offsetting of past swings in monetary growth can eas­
ily require huge oscillating swings in the monetary
rate, with accompanying perturbation for capital mar­
kets. In some cases, the system can even become ex­
plosive, requiring alternately increasing opposite rates
of growth from quarter to quarter. When uncertainty
is added, the whole business is extremely hazardous.

CONCLUSION
The moral here, I think, is that monetary policy is
not really appropriate for month-to-month or quarterto-quarter fine tuning the way some people thought
a few years ago. Probably its optimal role is to pro­
vide a generally expansive, restrictive, or in some
sense neutral environment over a period of at least
several quarters. Similar considerations hold for fiscal
policy. If we can coordinate the two to avoid sharp
shifts, we can probably minimize all quarterly fluctua­
tions in GNP over a period of several quarters and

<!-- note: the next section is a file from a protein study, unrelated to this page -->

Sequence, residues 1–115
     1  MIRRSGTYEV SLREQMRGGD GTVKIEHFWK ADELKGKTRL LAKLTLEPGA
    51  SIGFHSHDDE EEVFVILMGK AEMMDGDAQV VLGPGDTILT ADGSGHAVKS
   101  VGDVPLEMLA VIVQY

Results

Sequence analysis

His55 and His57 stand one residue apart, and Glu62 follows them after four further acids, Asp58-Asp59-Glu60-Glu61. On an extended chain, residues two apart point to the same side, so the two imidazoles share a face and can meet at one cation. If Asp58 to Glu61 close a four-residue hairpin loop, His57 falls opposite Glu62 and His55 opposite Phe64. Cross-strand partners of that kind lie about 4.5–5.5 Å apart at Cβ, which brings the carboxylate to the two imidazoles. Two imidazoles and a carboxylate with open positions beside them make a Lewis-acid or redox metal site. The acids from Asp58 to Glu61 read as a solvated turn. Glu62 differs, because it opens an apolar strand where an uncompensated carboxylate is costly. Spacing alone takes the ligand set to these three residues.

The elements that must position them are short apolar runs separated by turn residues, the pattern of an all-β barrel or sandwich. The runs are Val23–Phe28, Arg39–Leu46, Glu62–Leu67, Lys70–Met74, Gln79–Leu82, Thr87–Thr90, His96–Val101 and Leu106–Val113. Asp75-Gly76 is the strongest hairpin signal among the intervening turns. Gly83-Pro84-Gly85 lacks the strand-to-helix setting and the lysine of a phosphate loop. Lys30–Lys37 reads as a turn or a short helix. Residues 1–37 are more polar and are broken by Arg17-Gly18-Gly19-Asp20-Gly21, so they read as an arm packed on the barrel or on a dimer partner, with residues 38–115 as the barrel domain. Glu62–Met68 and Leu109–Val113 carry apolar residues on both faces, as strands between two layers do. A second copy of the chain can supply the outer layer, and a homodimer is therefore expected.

years. This would be a very sizable accomplishment.
4Philip Cagan and Anna J. Schwartz, “How Feasible is a
Flexible Monetary Policy” (Paper presented at a conference
in honor of Milton Friedman, Charlottesville, Virginia, Octo­
ber 20, 1972).

FEDERAL RESERVE BANK OF ST. LOUIS

JANUARY 1973

CHECKLIST OF PERIODICALS AND REPORTS
Available from the Research Department
Federal Reserve Bank of St. Louis
P. O. Box 442
St. Louis, Missouri 63166
Name of Publication or Report

When Issued

PERIODICALS
□ Review
Comments on the current financial and business
situation; contains articles on the national and inter­